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Reductions in public investment in energy efficient homes could affect hundreds of thousands of people during cold winters, according to a new report from energy think tank E3G reported on by the BBC.

E3G, an independent organisation that aims to speed up the transition from fossil fuels to green, renewable sources of energy, believes that the government needs to make further investment in warm homes a major priority.

According to the report, public investment in energy efficient, warm homes in England has been reduced by a significant amount over the past decade. The report data shows that Scotland now spends around four times as much as England on energy efficiency, on a per-citizen basis.

While Scotland’s cooler climate makes its increased amount of spending warm homes easy to understand, reduced investment on building new warm, energy efficient homes in England, or on upgrading existing homes, could have significant consequences.

The report states that England ranks second to last out of 30 European in the number of deaths caused by factors related to cold weather. Over the last five years, an average of 32,000 excess winter deaths occurred in the UK — significantly higher than in most European countries.

Of these, approximately 9,700 cold weather-related deaths are believed to be due to inadequate home heating for people living in “cold homes.”

Several factors have contributed to a reduction in investment in green homes technology. Over the last decade, previous governments implemented policies aimed at reducing the total cost of energy efficiency programmes, many of which included cuts to programmes aimed at promoting renewable energy and heating solutions for UK homeowners.

Under the previous government, the obligation for UK energy suppliers to provide improvements in energy efficiency was reduced by 50 per cent.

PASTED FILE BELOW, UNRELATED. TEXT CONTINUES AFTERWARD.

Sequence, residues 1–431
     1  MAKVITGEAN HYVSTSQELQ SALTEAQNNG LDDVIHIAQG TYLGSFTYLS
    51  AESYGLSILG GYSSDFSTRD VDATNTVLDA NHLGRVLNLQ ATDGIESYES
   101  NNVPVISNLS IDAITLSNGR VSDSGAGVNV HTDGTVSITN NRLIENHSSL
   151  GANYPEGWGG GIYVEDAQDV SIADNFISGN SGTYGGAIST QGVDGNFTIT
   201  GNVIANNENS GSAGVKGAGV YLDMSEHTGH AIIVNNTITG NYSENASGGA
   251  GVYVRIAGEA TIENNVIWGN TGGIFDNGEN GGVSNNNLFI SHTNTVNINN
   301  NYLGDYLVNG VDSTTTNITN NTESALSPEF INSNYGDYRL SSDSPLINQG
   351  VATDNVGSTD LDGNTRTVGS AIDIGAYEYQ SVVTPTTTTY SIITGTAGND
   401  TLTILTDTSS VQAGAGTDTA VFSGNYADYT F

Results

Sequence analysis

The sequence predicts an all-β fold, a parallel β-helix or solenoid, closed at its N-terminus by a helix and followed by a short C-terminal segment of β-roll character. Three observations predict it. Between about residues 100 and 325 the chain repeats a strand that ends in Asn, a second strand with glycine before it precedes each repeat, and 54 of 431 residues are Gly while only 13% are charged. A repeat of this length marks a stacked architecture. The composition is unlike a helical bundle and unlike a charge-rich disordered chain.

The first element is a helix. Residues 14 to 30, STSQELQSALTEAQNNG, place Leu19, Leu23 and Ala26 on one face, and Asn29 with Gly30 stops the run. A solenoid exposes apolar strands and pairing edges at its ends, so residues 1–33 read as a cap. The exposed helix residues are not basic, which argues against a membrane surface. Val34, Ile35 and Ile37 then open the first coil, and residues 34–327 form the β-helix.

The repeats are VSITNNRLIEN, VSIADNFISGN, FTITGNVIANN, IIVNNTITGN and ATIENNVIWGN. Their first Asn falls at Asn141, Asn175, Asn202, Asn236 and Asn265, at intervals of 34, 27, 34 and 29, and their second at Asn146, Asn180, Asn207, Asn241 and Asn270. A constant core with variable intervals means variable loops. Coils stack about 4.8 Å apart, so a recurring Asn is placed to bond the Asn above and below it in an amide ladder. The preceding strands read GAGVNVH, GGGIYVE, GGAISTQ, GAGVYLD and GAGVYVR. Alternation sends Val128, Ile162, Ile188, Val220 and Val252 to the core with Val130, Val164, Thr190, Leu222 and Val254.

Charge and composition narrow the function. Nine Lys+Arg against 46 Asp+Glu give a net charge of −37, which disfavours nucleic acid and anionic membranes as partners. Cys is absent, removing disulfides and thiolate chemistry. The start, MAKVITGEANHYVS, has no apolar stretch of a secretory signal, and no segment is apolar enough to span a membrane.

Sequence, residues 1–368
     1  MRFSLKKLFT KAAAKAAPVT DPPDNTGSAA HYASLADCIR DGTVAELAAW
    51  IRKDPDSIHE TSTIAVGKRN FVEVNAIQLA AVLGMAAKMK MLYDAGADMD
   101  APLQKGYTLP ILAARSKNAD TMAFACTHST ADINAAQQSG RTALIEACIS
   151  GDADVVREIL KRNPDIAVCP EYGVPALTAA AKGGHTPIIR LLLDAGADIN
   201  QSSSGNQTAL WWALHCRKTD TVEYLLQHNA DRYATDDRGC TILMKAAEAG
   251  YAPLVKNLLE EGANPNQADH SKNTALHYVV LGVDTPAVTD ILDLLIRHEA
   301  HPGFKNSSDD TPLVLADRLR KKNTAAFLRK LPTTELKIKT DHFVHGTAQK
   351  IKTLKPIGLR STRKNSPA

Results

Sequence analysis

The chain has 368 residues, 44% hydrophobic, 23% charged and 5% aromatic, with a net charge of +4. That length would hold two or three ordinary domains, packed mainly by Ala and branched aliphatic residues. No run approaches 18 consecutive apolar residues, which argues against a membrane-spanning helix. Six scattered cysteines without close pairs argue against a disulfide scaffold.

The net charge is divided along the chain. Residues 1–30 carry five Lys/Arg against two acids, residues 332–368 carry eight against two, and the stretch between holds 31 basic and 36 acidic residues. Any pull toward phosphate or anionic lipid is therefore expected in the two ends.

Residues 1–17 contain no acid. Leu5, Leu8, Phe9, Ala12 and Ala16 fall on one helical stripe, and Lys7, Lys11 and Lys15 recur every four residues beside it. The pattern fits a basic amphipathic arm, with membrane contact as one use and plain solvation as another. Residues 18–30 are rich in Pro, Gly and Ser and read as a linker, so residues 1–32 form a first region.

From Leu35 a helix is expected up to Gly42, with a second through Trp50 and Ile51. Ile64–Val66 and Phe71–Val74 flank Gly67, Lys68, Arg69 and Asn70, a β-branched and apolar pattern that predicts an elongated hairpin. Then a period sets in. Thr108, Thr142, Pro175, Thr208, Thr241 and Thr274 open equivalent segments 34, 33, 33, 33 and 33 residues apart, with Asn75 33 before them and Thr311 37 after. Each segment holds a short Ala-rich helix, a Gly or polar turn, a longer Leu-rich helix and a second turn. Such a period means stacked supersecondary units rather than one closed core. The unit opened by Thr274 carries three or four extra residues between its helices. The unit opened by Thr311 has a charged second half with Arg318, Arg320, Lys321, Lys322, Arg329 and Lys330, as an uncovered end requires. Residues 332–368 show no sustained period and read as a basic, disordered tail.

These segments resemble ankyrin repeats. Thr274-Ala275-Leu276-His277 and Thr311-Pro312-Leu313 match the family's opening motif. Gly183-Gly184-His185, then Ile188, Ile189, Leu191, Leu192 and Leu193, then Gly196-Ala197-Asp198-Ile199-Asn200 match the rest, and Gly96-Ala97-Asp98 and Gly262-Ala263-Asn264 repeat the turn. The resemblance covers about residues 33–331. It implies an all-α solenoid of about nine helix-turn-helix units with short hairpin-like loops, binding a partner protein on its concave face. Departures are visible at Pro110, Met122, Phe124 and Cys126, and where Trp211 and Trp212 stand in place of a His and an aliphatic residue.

Many of these decisions were made as part of an effort to lower energy costs for UK residential energy consumers. However, due to increases in energy prices, many UK homeowners pay just as much — or, in some cases, even more — to heat their homes as they did before.

Pedro Guertler or E3G notes that many of the savings on energy bills achieved in the short term as a result of policies implemented by the Cameron government were “cancelled out by energy price increases.”

E3G’s statistics also show that England spends the least of any country in the UK on residential property insulation, spending approximately half as much on a per-person basis as Wales and a third or less as much as Northern Ireland.

In addition to increasing investment in renewable energy technology for both residential energy user and industry, England could potentially benefit from insulting a greater number of people’s homes.

The E3G report states that money set aside for HS2 — a planned high-speed railway linking the UK’s major population centres — could be better spent insulating residential dwellings to reduce the negative health and environmental impact of cold homes.

This, according E3G, could potentially help make homes warmer while reducing energy usage and lowering bills for consumers.

Despite this, the government has indicated it’s hesitant to increase investment in renewables and low-carbon energy sources, noting recently that there will be no new subsidies for green power projects until 2025.

Elliot Preece